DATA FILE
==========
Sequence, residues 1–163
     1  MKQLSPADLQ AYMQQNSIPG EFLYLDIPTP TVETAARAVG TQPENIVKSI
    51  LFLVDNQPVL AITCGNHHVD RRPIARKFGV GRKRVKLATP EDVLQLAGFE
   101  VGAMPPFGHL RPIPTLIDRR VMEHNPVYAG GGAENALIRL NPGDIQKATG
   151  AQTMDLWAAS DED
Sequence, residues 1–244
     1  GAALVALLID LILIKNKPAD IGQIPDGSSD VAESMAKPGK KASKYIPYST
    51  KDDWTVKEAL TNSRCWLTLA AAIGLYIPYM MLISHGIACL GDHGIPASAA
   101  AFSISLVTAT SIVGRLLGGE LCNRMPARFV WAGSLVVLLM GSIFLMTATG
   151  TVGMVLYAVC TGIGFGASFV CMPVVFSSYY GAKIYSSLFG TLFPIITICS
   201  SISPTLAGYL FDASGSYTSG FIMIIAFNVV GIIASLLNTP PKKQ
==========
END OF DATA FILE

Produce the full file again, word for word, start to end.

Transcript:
Sequence, residues 1–163
     1  MKQLSPADLQ AYMQQNSIPG EFLYLDIPTP TVETAARAVG TQPENIVKSI
    51  LFLVDNQPVL AITCGNHHVD RRPIARKFGV GRKRVKLATP EDVLQLAGFE
   101  VGAMPPFGHL RPIPTLIDRR VMEHNPVYAG GGAENALIRL NPGDIQKATG
   151  AQTMDLWAAS DED
Sequence, residues 1–244
     1  GAALVALLID LILIKNKPAD IGQIPDGSSD VAESMAKPGK KASKYIPYST
    51  KDDWTVKEAL TNSRCWLTLA AAIGLYIPYM MLISHGIACL GDHGIPASAA
   101  AFSISLVTAT SIVGRLLGGE LCNRMPARFV WAGSLVVLLM GSIFLMTATG
   151  TVGMVLYAVC TGIGFGASFV CMPVVFSSYY GAKIYSSLFG TLFPIITICS
   201  SISPTLAGYL FDASGSYTSG FIMIIAFNVV GIIASLLNTP PKKQ